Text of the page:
Swan Song – A Modern Comedy

A review of Swan Song by John Galsworthy

Originally published in 1928, Swan Song is the third in Galsworthy’s A Modern Comedy trilogy. While it, just about, stands on its own merits, to get the most out of the book the reader should read the first two books in the trilogy and, especially, the interlude, Passers-By, which he wrote in 1927. In that, Soames takes his daughter, Fleur, along with her devoted, politician husband, Michael Mont, on a world tour to help her get over her first love, Jon Forsyte, who was forced by family pressure to brutally reject her. To Soames’ horror his party bump into Irene, Soames’ first wife, Jon and his new wife, Ann, and it takes all of the old devil’s scheming to prevent the two star-crossed lovers from meeting.

Swan Song opens with the General Strike of 1926 which the upper and middle classes see as an opportunity to pull together and defeat the (rightful) claims of the workers. Mount encourages Fleur to run a canteen to feed the strike-breakers. It is here that she meets Jon once more, the latter having left America for good and volunteered to work as an engine stoker. The sight of Jon is enough to relight the flames of passion in Fleur’s breast and the news of his return to Blighty to cause Soames considerable anxiety.

Fleur, a spoilt brat who reverts to the character we encountered in To Let (the third book in the Forsyte Saga) loses her head, all too willing to abandon her child, Kit, and husband, who has thrown himself into a scheme to improve slums, in pursuit of her first sweetheart. She does everything in her power to engineer meetings with Jon and her passion for him grows and grows until a tumultuous encounter at a spot they favoured when they were initially courting. Jon seems happy to be swept along in this maelstrom of passion, an indication of a certain weakness that had not previously been evident in his previous characterisation, but nonetheless is torn between his first love and his duty to his wife.

All the relatives on the side lines realise that the reawakening of the tempestuous love affair between Soames’ daughter from his second marriage and the son from his wife’s second marriage is fraught with disaster and, in their own ways, do their best to frustrate Fleur’s plans, none more so than Soames who is wracked with worry and despair. Irene, his first wife, remains a ghostly presence throughout the narrative and we do not find out what her attitude is to this revived love affair which she did so much to stop in the first place. Mont has an air of resigned acceptance.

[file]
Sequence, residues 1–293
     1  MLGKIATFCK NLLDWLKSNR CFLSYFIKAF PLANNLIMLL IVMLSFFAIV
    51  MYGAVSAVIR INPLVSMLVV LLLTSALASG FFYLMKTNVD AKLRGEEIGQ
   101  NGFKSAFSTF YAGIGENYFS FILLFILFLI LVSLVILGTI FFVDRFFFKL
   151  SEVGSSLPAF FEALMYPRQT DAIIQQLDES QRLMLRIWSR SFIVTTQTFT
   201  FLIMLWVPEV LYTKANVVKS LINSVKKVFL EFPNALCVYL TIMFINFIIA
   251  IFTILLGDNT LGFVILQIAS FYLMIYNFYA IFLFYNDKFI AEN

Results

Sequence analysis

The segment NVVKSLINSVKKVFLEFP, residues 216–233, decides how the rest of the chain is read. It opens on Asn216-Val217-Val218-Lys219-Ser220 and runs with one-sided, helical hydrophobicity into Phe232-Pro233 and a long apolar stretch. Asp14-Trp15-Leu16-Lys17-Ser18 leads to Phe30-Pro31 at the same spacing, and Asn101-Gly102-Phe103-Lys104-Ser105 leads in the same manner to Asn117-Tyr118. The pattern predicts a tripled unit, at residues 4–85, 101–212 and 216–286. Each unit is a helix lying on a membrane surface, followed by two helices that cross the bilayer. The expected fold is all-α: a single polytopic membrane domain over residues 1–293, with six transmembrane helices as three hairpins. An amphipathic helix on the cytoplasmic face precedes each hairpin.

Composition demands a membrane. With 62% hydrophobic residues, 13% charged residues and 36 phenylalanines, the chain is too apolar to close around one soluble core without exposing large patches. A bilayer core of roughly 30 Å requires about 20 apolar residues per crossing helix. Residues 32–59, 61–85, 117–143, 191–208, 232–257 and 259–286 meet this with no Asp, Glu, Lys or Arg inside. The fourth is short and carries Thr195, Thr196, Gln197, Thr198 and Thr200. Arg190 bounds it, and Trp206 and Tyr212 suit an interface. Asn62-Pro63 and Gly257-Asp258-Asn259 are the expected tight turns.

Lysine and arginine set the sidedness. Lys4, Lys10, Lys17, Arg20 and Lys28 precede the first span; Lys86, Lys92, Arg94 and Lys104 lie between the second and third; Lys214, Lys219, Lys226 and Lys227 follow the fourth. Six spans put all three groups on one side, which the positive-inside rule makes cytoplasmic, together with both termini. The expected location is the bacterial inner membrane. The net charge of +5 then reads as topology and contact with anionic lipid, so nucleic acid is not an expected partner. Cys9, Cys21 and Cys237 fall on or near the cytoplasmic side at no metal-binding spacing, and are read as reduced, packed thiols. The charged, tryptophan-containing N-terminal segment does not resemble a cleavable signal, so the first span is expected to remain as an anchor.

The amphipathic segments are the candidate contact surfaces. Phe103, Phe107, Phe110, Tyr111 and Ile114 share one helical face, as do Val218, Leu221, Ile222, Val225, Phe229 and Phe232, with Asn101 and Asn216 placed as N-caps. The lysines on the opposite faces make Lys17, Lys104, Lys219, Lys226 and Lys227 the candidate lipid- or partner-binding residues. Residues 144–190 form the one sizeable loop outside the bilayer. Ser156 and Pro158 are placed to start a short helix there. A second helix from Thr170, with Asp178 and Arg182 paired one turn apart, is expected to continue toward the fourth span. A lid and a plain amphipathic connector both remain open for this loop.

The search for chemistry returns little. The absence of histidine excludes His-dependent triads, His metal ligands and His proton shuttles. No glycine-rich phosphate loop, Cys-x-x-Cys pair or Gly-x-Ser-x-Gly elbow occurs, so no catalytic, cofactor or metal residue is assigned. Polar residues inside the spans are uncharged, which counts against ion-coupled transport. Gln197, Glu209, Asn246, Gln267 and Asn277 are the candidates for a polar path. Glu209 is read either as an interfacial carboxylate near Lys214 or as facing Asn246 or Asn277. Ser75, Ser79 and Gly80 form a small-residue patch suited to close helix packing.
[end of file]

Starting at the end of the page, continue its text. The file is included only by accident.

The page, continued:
What brings Jon to his senses is Ann’s announcement that she is pregnant and, rather brutally, he sends a note to Fleur telling her he will never see her again, the 1920s equivalent of dumping by text. This second rejection throws Fleur into paroxysms of despair.

Throughout the book there is a sense of matters moving inexorably to a conclusion. Soames is anxious to ensure there is a succession plan in place for handling the trusteeship of the Forsyte fortunes, given his and his faithful retainer’s respective ages, and visits Dorset to track down where the Forsytes first came from. His first love is his art collection which he adds to and makes arrangements to bequeath to the nation.

There is a fine line between comedy and tragedy which Galsworthy traverses with aplomb at the end of the book. It is fitting that Soames’ two obsessions, his almost suffocating love for Fleur and his pride in his art collection, should in their own way contribute to his demise. It seems a fitting end to a man of strong character, a man increasingly out of tune with the modern world, and a man who could not forget and had much to regret.

Galsworthy seems to have recovered his mojo in this book. It is more entertaining than the first two books in the trilogy and gives his leading man, Soames, a fitting send off.


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